The hosts had a strategy for when the ball was played wide as well. They would defend with three players: the full-back, wide midfielder and nearside central midfielder effectively trying to trap the opponent by the touchline and prevent play down the line, inside or backwards. If the ball was in a position where Barca could cross, the back four would remain compact and in position to defend the cross high or in behind the defence. The crucial detail was the role of the midfielders screening and backtracking to prevent the cutback to the edge of the box – an attacking tactic commonly used by Barcelona.
Barcelona set up in their usual 4-3-3 formation, with Sergio Busquets, Arthur and Sergi Roberto forming a midfield three behind Lionel Messi, Arturo Vidal and central striker Luis Suarez. The visitors dominated possession but had real difficulty in penetrating through the Atleti mid-block.
A lot of Barcelona’s ball movement on the night was horizontal, between their full-backs and centre-backs. Limited movement ahead of the ball meant that forward passes tended to be into feet and then returned to the back line with no penetration beyond that. Consequently, Messi began dropping deeper and deeper to collect the ball; he was seemingly the only Barca player willing to try passes between the Atleti units, or commit opponents towards the ball in an attempt to create space elsewhere.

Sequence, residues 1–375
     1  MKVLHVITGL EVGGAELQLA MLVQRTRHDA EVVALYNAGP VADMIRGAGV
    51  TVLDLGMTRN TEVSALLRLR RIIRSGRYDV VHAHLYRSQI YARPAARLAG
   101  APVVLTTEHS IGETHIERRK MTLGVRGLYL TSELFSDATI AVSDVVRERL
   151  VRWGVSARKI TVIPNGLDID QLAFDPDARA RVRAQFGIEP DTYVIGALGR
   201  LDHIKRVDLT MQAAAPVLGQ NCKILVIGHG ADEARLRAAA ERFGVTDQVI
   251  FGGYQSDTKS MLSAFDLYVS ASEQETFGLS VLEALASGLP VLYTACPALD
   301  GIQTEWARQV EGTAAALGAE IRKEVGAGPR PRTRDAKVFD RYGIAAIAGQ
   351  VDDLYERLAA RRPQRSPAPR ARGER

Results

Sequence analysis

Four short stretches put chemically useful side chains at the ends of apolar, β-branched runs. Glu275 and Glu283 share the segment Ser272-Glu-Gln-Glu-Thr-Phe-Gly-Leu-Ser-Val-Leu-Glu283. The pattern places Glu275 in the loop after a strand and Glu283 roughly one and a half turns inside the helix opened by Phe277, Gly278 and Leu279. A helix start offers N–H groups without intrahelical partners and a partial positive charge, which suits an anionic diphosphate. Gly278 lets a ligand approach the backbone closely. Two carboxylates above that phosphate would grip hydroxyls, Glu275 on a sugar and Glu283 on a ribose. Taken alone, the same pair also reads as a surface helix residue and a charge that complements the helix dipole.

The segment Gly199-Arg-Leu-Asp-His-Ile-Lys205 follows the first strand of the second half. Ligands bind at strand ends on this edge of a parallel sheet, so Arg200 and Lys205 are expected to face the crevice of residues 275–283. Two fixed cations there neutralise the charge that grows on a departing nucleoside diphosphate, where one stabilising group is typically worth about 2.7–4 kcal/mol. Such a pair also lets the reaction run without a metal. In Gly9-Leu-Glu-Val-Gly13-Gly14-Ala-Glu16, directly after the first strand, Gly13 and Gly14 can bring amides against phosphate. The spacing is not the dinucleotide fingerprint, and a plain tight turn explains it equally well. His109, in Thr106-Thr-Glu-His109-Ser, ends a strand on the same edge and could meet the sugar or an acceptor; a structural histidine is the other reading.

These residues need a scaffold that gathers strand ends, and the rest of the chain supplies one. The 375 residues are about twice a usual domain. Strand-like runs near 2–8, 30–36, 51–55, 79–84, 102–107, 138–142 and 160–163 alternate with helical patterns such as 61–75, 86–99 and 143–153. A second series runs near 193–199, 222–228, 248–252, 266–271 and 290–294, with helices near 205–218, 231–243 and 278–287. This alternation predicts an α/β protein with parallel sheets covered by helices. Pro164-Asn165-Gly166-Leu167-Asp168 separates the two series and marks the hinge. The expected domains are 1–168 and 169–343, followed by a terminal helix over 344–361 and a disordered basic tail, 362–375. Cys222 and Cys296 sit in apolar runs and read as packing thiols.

As Barca were struggling to play through, they had to try to play around. Busquets would drop deeper in order to push full-backs Nelson Semedo and Jordi Alba higher up the pitch, where he would then try to find them with clipped passes. They failed to tempt the Atleti block out to press Busquets, however; instead, the hosts dropped still deeper to effectively nullify the threat of the ball into the full-backs.
Part of the issue for Barcelona was a lack of third-man movement, a strategy they so commonly and successfully employ. Instead, they tended to simply move as individuals rather than in relationships, making the hosts’ job that much easier. The late introduction of Ousmane Dembele for Arthur allowed Messi to play as a midfielder, however, with an attacking three of Dembele, Suarez and Rafinha in front of him. This caused Atleti more problems and eventually led to the equalising goal, which Messi created for Dembele.
Out of possession, Barca switched between a high press and a 4-4-2 mid-block. The mid-block would have Messi and Suarez as the front two, while Vidal tucked in alongside Busquets, Arthur and Roberto to form the midfield four. Due to Barcelona’s dominance in possession, however, they spent very little time in this structure, and the majority of their defensive work came in the form of a counter-press.
When attacking, they would ensure that they had players positioned relatively close to each other and, crucially, behind the ball too. At the point of losing possession, they were thus able to swarm the ball, prevent the counter and regain possession as quickly as possible.
Author: Tony Hodson